I wrote an article for Wooden Boat Magazine about UNICORN, which I built in Key West, and which performed beyond my wildest dreams... she planed to windward! The source for this vessel is Fig. 113, American Small Sailing Craft.

vincent p. walter

Just reporting on my first boat building endeavor

Chuck and Sandra,

Thanks for getting my order out to me so quickly. The epoxy kit came in especially handy when the float test revealed a small manufacturing defect in the middle of the luan plywood.

I also wanted to pass on some photos of my newly constructed and launched Bolger Big Tortoise. I scaled up the plans from Dynamite's New Instant Boats to 8'x4'. I added a forward frame; it just seemed to need it.

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I changed the sailplan increasing the sail area to about 65 sq ft. I made my own poly tarp balanced lug sail using a slick method that David Beede describes on his great site, https://www.simplicityboats.com, using PVC C-clips.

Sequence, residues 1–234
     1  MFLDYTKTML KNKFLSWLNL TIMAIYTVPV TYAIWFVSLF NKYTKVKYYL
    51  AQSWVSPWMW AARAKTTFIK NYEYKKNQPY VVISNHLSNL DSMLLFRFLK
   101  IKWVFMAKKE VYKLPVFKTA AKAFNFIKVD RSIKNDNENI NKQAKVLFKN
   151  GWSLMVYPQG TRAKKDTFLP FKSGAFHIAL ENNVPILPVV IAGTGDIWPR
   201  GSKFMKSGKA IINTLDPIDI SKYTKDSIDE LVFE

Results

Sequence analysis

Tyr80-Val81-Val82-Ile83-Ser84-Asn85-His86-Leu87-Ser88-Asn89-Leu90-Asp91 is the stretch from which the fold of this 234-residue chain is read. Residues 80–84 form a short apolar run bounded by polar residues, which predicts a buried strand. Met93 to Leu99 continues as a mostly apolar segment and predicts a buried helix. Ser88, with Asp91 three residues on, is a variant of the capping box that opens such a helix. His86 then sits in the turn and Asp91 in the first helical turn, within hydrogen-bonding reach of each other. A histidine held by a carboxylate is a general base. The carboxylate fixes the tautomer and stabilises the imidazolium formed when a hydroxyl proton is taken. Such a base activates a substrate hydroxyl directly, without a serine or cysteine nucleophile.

It still needs some finishing work to be done and some refinements but I just had to get it on the water for our vacation in Vermont the first week of August.

My Son must have asked me a million questions while we were out there in the light air that day. It was awesome!

Next up is a One-Sheeter for the kids for next year.

Thanks for the great insipiration!


Today's Boating

Pic, by courtesy of Tor, from todays boating. This is what it looks like a bit out from main land here. Just a bit further out it´s just heaps of stone emerging.


Oar Collar & Sleeve